Competitive manufacturing strategies will form the centerpiece of the debate at an upcoming plastics conference in Tampa, Fla.
Executive Forum 2006, Plastics News' annual chief-executive-offier-level event, will take place March 5-8 and feature 27 speakers in 2½ days. Some presenters will discuss the current state of resin markets, merger and acquisition trends, managing through crises such as the recent hurricanes and protecting intellectual property.
Heading the discussion on intense and increasing global competition will be economist Ernest Preeg, senior fellow in trade and productivity at the Manufacturers Alliance/MAPI think tank in Washington. In his latest book, The Emerging Chinese Advanced Technology Superstate, Preeg presents evidence to demonstrate how quickly China is moving to transform itself from a low-skill, low-wage manufacturing outsourcing option into a high-tech force. And he claims the U.S. government is largely asleep at the wheel. Preeg, who has a Ph.D. in economics with 25 years of service in international government posts, will offer his prescription for addressing those issues.
Several senior plastics processing executives will weigh in as well.
Chris Morton oversees global plastics operations for Flextronics International Ltd. that run 1,400 injection presses and employ hundreds of toolmakers. As a $15.9 billion, Singapore-based contract manufacturer, Flextronics supplies the fast-moving electronics sector, making everything from laptop computers to cell phones. Morton will discuss the process for developing ``technology road maps'' for manufacturers of all sizes.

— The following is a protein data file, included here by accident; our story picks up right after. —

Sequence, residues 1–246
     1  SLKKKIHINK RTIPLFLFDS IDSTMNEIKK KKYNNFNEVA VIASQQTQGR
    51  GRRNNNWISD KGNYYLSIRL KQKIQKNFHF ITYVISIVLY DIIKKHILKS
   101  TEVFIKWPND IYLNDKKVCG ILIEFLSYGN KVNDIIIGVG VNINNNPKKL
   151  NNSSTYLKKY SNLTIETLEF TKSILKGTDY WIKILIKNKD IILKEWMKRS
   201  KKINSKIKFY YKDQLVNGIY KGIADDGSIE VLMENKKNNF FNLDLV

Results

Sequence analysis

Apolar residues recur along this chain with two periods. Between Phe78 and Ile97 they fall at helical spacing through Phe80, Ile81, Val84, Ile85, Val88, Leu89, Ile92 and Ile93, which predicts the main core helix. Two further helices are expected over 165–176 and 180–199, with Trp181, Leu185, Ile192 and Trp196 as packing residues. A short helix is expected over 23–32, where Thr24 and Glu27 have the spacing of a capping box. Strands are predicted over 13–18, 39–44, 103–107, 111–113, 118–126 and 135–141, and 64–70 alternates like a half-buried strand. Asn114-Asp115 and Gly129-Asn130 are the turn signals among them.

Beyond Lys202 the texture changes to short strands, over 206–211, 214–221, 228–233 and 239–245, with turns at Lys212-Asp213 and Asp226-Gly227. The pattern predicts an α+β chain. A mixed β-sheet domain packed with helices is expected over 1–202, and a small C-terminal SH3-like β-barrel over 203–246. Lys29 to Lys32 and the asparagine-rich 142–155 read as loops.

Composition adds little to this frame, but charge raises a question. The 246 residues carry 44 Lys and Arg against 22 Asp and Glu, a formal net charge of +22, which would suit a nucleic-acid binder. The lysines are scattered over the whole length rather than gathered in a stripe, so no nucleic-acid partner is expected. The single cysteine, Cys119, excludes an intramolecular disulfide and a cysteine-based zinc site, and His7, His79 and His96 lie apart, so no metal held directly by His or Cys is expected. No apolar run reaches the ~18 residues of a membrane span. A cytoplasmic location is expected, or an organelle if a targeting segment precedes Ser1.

Mike Sullivan is the United Kingdom-based vice president of research and development and international projects for Rosti Technical Plastics, a 14-plant division of Copenhagen, Denmark-based Rosti Group. Sullivan will tell attendees how his company has managed global growth across linked manufacturing sites that stretch from Mexico and the southern United States to northern Europe and China.
Donnelly Custom Manufacturing has taken a different path. President Ron Kirscht will explain how the $20 million Alexandria, Minn., injection molding company has created and applied a clearly defined, narrowly focused business plan to carve out its own successful niche - short-run molding.
In a related presentation, Mary Scheibel, principal owner of Milwaukee-based marketing communications firm Scheibel Halaska Inc., will share insights into how her company has helped a modest-sized molder build a brand and market itself.
To register or for details on the event, visit http://www.plastics news.com/forum2006.